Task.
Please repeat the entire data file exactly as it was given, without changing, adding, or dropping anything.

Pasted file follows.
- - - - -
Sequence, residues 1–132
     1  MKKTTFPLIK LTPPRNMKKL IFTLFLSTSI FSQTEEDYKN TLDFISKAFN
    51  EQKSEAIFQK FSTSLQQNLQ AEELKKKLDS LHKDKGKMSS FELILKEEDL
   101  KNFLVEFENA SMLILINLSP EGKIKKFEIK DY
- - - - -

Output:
Sequence, residues 1–132
     1  MKKTTFPLIK LTPPRNMKKL IFTLFLSTSI FSQTEEDYKN TLDFISKAFN
    51  EQKSEAIFQK FSTSLQQNLQ AEELKKKLDS LHKDKGKMSS FELILKEEDL
   101  KNFLVEFENA SMLILINLSP EGKIKKFEIK DY